Mozart classic comes to AACC


Photo by Britney Pieraldi

The Magic Flute production combines a narrative story with spoken word and operatic music written by Wolfgang Amadeus Mozart.

Jymyaka Braden, Reporter

AACC’s Opera Club is preparing to bring Mozart’s The Magic Flute–hailed as one of the greatest operas he ever composed–to the college in January.

The production combines the narrative storytelling of writer Emanuel Schikaneder with Mozart’s opera. The show will feature both operatic singing and spoken word.

The plot involves the Queen of the Night, a character in the play, who tries to persuade a prince to rescue her daughter from the high priest Sarastro, the supposed villain. However, when the prince meets the assumed enemy, he discovers that maybe Sarastro is not the villain after all.

Associate Professor of Music and Artistic Director of Opera Douglas Byerly explained the excitement in bringing this production to AACC.

“There is nothing more sacred in my book than live art,” Byerly said. “We’ve got beautiful music, there are costumes, lights. To go out and experience it [live] is unique, whether you’re going to a club, a concert, or in this case, the opera.”

Byerly explained why many people believe The Magic Flute is one of Mozart’s greatest works.

“I think there is something to be said about a piece of music that people still want to perform 225 years later,” Byerly said. “Essentially it’s a story about love and the pursuit of love. Not just romantic love but really the love of one another. Brotherhood, friendship and trust. What we live for as human beings.”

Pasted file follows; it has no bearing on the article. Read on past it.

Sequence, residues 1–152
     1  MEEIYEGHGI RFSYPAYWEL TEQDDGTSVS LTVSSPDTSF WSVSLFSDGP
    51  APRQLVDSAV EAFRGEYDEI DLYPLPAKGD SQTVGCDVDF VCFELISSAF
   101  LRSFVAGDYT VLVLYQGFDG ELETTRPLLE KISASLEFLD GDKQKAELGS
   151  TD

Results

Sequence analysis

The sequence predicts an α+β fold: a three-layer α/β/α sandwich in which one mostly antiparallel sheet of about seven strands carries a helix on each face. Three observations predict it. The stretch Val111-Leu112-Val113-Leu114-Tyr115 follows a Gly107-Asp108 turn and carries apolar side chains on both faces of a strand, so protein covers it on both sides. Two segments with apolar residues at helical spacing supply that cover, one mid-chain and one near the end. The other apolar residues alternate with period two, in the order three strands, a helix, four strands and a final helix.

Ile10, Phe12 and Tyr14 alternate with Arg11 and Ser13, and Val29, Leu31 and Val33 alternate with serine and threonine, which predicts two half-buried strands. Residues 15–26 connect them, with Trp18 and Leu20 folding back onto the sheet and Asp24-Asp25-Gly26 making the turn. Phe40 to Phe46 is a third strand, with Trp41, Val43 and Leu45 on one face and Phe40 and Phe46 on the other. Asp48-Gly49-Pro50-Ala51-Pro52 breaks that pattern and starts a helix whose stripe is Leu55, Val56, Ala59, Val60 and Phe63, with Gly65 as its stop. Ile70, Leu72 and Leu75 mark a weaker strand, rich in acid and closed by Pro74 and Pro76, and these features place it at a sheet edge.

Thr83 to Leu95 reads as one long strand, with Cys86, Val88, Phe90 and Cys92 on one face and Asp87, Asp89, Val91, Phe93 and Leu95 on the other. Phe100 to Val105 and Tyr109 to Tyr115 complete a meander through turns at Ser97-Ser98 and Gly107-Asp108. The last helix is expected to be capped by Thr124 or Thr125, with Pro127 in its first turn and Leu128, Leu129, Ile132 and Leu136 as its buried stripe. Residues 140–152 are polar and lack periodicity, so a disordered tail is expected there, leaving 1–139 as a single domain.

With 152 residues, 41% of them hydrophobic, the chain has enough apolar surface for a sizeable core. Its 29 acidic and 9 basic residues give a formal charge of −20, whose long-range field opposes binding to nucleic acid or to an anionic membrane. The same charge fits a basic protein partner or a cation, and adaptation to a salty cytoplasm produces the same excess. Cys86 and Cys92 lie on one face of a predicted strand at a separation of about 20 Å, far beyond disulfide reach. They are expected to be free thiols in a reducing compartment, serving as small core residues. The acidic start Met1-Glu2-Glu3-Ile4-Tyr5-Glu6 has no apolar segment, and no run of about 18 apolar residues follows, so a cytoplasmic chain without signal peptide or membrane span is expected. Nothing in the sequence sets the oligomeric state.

AACC student Julie Bosworth, who plays the Queen of the Night, said the music of the character drew her into the role she plays.

“I have always had a passion for singing,” Bosworth said. “Mozart is one of my favorite composers and his music is just so easy to sing, although this role as Queen of the Night does take me up into the stratosphere.”

Bosworth also said she enjoys the experience of performing on stage and getting into different character roles.

“I look forward to stepping into the role of the queen and scaring the living daylights out of the audience,” Bosworth said, “[and] keeping them on the edge of their seats.”

AACC theater student Lizzy Cameron said she saw the production in seventh grade and knew she wanted to be a part of it.

“When I heard Night Queen’s Aria, I thought it was the most beautiful song I ever heard,” said Cameron, who is an ensemble choir member in the rendition. “So when I heard the school was putting it on, I wanted to be a part of it.”

The Magic Flute will show at the Pascal Center for Performing Arts from Jan. 27 to Feb. 4.

General admission is $25; AACC student tickets are $5; and faculty and staff tickets are $15.